Alexandra Lange
Architecture & design critic

Table Dressing

Two great tastes don’t always taste great together. The same can be true for design collaborations. Heath Ceramics are beautiful. Alabama Chanin textiles are beautiful. Their respective designers, Catherine Bailey and Natalie Chanin, are friends. But could the twain meet?

First attempts were not promising. Alabama Chanin clothes and linens deploy embroidery and appliqué in a modern, layered, bohemian way. The embellishments are frequently mapped out with a stencil, and Bailey initially thought they might use the stencils on her company’s classic Coupe dinnerware.“Natalie transfers graphical images by making a stencil and spraying paint on it, but when we stenciled the plates it didn’t look crafted,” Bailey says. “It looked like spray-painted graphics.” Bailey quickly realized she needed a better way to translate the exacting techniques used by Chanin’s cast of local talent in and around Florence, Ala.

The final product had to be made by hand, line by line, just as Chanin’s textiles are produced stitch by careful stitch. Bailey calls the process “etching,” but it is closely related to the sgraffito technique used to decorate walls since the Classical era. In architecture, two layers of tinted plaster are applied to the wall, and then a craftsman scrapes through the top coat to reveal the color beneath. For the new ceramics, a white glaze is sprayed over a base coat of blue, red or gray and an artist then scratches through the top layer with a metal point, exposing the color below. There are no templates: the maker has to look at an example plate and recreate it as best as he or she can, just like Chanin’s stitchers. “The spacing of the marks, depth of the etching and overall feel of the pattern are all expressed by the maker of each piece,” Bailey says.

The collection, which also includes organic cotton tablecloths, place mats and napkins designed by Chanin, is available online and at Heath stores. Among the etched pieces are a shallow bowl, a dinner plate and a bread and butter plate with one of three different traditional embroidery motifs: small suns, called buttonhole eyelets; small stars, called whip-stitched eyelets; and free-form dots, which look like bubbles on the surface of the plate. The line also features unpatterned pieces in similar colored glazes. Bailey describes the blue as “denimy.” Chanin says: “It feels like it has a lot of history to it, like a blue you might find on a worn porch in the South.” The red, on the other hand, is the color of the Alabama soil Emmylou Harris was referring to in “Red Dirt Girl”: an earthy maroon.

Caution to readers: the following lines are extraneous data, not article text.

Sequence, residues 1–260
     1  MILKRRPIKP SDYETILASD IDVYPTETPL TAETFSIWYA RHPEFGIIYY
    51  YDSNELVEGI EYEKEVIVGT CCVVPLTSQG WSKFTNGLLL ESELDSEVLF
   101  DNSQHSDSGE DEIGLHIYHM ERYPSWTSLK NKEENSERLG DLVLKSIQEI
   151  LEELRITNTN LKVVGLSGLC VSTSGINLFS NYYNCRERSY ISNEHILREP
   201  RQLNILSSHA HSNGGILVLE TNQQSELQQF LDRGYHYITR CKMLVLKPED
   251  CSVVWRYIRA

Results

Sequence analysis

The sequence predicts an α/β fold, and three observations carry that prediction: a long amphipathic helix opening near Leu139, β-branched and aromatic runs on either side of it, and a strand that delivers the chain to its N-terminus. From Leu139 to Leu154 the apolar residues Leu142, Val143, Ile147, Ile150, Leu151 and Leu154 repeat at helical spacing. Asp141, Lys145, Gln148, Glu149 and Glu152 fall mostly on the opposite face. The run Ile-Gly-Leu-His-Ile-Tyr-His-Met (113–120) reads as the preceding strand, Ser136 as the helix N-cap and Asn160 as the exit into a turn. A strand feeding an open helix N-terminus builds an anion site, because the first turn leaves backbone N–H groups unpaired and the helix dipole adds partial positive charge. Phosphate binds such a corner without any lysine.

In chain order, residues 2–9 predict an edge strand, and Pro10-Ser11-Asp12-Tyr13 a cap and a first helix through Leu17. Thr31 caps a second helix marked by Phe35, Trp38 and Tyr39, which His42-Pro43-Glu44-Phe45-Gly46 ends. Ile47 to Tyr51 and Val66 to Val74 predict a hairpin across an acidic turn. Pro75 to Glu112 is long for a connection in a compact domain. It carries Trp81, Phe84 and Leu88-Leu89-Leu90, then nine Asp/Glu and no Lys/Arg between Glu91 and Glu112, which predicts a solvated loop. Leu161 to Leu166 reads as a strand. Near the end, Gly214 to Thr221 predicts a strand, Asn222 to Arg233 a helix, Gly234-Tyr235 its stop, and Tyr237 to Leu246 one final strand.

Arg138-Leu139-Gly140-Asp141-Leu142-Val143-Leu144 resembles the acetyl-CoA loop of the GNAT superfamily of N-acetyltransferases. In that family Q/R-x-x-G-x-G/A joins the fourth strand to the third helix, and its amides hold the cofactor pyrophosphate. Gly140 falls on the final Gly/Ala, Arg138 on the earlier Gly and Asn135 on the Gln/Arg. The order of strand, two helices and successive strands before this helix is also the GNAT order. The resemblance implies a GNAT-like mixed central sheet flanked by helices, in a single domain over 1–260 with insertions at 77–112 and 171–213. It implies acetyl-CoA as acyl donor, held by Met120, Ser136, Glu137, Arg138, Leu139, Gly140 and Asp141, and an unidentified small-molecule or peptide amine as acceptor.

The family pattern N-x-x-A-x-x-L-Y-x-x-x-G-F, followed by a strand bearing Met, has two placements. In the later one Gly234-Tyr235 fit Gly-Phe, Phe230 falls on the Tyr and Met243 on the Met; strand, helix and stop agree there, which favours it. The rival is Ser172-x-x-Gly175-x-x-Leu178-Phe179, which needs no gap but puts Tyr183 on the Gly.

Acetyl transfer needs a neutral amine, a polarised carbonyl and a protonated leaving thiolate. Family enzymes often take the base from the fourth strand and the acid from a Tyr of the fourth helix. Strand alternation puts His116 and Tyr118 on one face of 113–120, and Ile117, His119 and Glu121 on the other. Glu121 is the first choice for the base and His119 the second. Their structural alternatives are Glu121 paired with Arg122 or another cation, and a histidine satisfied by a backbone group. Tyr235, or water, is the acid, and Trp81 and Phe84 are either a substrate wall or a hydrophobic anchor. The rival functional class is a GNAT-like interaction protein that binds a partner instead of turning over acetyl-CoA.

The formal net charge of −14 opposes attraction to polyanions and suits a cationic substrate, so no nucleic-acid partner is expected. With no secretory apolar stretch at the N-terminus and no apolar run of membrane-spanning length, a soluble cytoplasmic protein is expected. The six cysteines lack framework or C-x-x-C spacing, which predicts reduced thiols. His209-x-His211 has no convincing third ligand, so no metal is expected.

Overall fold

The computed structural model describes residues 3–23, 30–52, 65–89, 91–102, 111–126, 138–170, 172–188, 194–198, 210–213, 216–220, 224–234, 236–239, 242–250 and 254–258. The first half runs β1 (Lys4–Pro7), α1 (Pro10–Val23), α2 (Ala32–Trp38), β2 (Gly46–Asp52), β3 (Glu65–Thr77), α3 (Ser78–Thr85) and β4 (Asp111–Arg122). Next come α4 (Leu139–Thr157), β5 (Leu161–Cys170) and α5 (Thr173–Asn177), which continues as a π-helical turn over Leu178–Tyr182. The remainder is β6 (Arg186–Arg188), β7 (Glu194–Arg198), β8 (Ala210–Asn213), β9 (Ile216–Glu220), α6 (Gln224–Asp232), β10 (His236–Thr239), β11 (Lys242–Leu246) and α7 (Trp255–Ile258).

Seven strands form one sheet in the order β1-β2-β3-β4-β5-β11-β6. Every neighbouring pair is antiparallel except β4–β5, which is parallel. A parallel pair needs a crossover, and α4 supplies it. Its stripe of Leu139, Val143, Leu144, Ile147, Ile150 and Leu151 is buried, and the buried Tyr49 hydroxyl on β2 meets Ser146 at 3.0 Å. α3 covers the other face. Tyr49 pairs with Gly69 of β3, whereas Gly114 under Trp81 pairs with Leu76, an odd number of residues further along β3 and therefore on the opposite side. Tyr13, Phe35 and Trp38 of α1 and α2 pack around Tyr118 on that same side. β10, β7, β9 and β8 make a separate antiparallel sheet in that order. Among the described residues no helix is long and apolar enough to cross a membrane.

The new colors and patterns are integrated with classic Heath shades like Opaque White, from the company founder Edith Heath’s original palette. “It’s not an exercise in matching, but in layering,” Bailey says. “You can’t get bowls and plates in the same pattern, so ideally you could layer three different colors.”

That’s how Chanin plans to use the collection in her own kitchen, currently undergoing a renovation and expansion that employs Heath’s white half-matte, half-gloss tile. “Food is an important part of who I am in my life, and Cathy and I talked about that as part of our collaboration,” she says. Her first two books (the third, “Alabama Studio Sewing & Design,” will be available in spring 2012) included recipes alongside the sewing projects. “It feels right that we should work on the tabletop.”

Originally published in New York Times Magazine